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Last updateThu, 16 Jun 2022 8am

Cleaning up air quality in construction

As a big focus of the Environment Act 2021, the longstanding fight for clean air is being strengthened by a raft of new targets and legislation. Alex Minett, Head of Product and Markets at CHAS, outlines what businesses need to be aware of.

There’s little argument that good quality air is key to protecting our health. In 2020, a landmark ruling by a London coroner cited air pollution as a significant factor in the death of a nine-year-old girl with asthma, while the World Health Organisation (WHO) has provided evidence of links between air pollution exposure and multiple illnesses and diseases. Yet, it’s not just our health driving the change for cleaner air. The impact on the environment and the push for energy independence play a part in the air quality agenda. 

With work well underway to develop legally binding air quality targets, businesses and their supply chains must ensure they are informed and ready to adapt to stay compliant.

Read more: Cleaning up air quality in construction

Construction bosses urged to take employee mental health more seriously

As part of its Building Minds campaign, health and safety expert Citation, is urging bosses in the construction industry to take employee mental health more seriously as the mental health crisis in the sector continues to worsen.

The construction sector has some of the worst rates of mental health than any other sector in the UK, with men in the industry three times more likely to die from suicide than the average male*.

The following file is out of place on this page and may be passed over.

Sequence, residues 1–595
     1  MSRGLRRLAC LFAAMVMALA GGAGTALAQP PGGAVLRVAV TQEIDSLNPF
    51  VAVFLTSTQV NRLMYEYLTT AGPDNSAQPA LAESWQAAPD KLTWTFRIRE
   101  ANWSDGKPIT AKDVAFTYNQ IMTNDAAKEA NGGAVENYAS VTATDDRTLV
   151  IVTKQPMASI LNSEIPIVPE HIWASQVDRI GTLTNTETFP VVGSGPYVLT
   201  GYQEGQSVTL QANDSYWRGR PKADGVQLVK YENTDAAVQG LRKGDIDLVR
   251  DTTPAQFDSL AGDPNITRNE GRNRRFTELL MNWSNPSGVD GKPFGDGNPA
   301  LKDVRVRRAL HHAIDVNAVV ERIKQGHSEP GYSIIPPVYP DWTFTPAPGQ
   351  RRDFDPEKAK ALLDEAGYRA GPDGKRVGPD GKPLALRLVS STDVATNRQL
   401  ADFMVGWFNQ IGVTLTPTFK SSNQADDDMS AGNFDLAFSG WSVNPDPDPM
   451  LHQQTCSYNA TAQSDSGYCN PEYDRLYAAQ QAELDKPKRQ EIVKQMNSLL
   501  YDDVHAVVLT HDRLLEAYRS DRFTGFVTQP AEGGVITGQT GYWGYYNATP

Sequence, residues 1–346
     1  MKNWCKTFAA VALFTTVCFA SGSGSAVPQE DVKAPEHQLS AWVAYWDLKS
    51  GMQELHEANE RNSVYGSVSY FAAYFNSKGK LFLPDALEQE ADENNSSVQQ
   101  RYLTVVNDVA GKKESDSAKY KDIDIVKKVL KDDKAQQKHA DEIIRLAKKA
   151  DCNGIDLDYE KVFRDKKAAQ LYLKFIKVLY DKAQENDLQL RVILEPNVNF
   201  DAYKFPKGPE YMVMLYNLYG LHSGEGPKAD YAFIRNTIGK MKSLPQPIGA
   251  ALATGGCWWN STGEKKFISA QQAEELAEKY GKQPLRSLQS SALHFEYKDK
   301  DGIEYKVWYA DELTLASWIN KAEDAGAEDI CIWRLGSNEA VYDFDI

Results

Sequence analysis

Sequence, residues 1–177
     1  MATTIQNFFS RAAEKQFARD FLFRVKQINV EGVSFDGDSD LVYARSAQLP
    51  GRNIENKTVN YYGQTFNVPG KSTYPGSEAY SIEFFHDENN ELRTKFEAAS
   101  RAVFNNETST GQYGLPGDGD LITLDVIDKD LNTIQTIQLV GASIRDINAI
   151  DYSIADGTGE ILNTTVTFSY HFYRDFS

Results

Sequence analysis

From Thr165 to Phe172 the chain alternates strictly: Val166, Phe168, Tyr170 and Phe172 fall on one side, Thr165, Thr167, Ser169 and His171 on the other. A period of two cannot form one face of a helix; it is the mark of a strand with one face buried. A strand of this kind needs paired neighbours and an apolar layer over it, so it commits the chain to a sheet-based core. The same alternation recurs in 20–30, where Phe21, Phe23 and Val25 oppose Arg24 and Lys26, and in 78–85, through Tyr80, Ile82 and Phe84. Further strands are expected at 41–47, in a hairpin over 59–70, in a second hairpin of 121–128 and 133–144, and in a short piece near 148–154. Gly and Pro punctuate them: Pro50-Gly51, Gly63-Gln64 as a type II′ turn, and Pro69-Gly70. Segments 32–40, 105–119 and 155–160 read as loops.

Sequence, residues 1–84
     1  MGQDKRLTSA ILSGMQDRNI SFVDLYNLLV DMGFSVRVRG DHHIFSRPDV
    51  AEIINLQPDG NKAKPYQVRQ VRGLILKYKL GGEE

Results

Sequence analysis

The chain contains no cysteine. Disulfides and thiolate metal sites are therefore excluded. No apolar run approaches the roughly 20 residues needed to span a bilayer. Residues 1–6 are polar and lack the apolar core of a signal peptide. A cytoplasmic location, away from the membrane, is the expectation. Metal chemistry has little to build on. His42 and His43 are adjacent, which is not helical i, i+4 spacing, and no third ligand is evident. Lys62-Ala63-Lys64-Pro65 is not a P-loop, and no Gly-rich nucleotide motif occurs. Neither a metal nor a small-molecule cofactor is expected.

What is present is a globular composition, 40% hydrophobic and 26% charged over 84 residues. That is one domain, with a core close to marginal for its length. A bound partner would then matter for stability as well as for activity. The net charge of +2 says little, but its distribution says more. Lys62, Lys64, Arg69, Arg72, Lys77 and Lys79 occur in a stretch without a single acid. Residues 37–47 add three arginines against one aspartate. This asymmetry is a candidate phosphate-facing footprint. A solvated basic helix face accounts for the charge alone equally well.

Read more: Construction bosses urged to take employee mental health more seriously

New construction apprenticeship gives boost to school leavers

G3UzTX0A new Level 3 Apprenticeship Standard is filling a skills gap in the building sector and giving a boost to school-leavers, according to West Yorkshire construction employers.

The recently-approved Construction Support Technician (CST) Apprenticeship is the result of two and a half years of collaboration between Leeds College of Building, a network of employers, professional bodies (CABE & CICES), associations (TICA & CECA), and major contractors across the construction and built environment sector. 

Read more: New construction apprenticeship gives boost to school leavers

CHAS launches new Fairness, Inclusion and Respect Growth Assessment

CHAS, the supply chain risk management expert, has joined forces with the Supply Chain Sustainability School to introduce the Fairness, Inclusion and Respect (FIR) Growth Assessment.

The assessment provides a framework for organisations to assess and embed the principles and business benefits of a fairer, more inclusive and respectful workplace. It has been specifically designed by construction clients, contractors and sub-contractors and is suitable for organisations of any size, large or small.

Read more: CHAS launches new Fairness, Inclusion and Respect Growth Assessment

Fire safety meets style in new Liverpool Materials Lab

The construction industry is undertaking a dramatic U-turn as sustainable specification comes to the fore, with a growing ambition to build with timber. As such, from 2000 to 2020, global timber consumption has increased by 1.1% per year.

While timber is more sustainable than steel or concrete, one of the key barriers is the concern that wood burns. This view is beginning to change as new innovations in improved fire protection for timber mean industry professionals are becoming more willing to consider it along with other standard materials. This uptick in timber specification for structural purposes has been enabled by better training regarding the use of timber in construction and improved knowledge.

Read more: Fire safety meets style in new Liverpool Materials Lab